As North Carolina ranks ninth nationally for human trafficking, education may be a solution

Amelia Lindsey, News Editor

In the 2022 report released by the National Human Trafficking Hotline (NHTH), North Carolina ranked ninth in the nation for human trafficking. As of 2021, 922 signals were received by NHTH, 318 of those being from victims or survivors of human trafficking.

The top venues for human trafficking included massage spas, hotels, pornography, residence-based commercial sex, online advertisements and escort/delivery services. In N.C., hotel-based venues are the most common. Adult females accounted for a majority of human trafficking victims, including people of both domestic and foreign origins.

There are many suspected reasons for the high rates of human trafficking in Wilmington, according to Dawn Ferrer and Tania Smith, including but not limited to the highway systems (95, I-40, 74, 76), the agricultural industry (cross of labor and sex trafficking), strip clubs near military bases, high numbers of foster care children and attracting an influx of travelers during tourist season.

Dawn Ferrer is the Executive Director for A Safe Place, a nonprofit that works with women who have been sex trafficked or commercially exploited. As a graduate of UNCW, she started as a volunteer and worked as a case manager and program director before becoming executive director. She works to promote awareness and train first responders and others who might encounter a trafficking victim, so they understand victim identifiers and how to assist them. According to Ferrer, most survivors have experienced childhood physical and/or sexual abuse.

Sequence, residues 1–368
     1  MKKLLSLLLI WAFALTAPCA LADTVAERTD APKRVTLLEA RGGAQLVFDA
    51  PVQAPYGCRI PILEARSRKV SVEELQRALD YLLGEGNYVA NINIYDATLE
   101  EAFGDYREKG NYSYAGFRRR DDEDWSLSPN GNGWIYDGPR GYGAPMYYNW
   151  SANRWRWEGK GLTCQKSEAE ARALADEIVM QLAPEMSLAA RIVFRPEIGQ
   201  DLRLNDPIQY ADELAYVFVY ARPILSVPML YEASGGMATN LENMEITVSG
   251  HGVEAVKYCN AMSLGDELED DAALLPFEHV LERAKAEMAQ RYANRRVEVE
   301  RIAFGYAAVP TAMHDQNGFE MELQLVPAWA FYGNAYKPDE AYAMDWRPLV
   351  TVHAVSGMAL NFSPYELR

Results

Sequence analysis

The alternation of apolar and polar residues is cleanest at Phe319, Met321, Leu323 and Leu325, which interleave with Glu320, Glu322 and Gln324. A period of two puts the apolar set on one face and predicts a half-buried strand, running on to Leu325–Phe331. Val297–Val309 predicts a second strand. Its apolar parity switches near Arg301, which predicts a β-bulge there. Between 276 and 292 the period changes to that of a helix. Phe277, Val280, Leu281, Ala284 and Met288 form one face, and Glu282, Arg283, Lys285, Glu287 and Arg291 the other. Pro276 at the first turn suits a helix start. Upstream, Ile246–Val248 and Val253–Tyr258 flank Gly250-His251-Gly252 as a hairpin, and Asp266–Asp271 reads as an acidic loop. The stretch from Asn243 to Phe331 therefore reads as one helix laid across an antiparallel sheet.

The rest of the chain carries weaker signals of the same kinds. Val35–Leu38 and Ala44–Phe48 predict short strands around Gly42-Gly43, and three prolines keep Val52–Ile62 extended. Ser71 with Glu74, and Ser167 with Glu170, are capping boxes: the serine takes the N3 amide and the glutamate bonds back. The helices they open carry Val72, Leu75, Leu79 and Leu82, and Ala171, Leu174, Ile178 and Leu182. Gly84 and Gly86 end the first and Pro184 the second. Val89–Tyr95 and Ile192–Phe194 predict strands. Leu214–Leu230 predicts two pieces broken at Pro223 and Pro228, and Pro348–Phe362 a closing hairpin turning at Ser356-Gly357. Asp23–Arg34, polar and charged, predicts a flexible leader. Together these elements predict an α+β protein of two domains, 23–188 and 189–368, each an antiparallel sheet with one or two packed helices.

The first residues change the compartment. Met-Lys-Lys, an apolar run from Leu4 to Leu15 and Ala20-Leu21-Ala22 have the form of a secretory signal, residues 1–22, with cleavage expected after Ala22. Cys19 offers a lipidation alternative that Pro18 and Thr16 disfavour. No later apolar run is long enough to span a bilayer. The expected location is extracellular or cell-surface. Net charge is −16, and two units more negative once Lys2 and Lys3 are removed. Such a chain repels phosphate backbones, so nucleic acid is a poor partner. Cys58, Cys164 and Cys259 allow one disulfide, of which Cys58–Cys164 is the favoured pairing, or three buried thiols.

Signs of human trafficking can be both obvious and disguised among any demographic, including children. A group of young adults traveling with an older man or woman or younger individuals dressing provocatively where the occasion may not be acceptable could be a sign of trafficking. Ferrer also said that some victims may not be aware of their location from being moved around constantly.

“A person could be with someone that is controlling the situation, controlling the conversation, their I.D., money and speaking for the individual,” Ferrer said. “Some obvious things could be signs of physical abuse, sleep deprivation, poor hygiene, and when there is substance abuse involved…there are some skin infections that come with that.”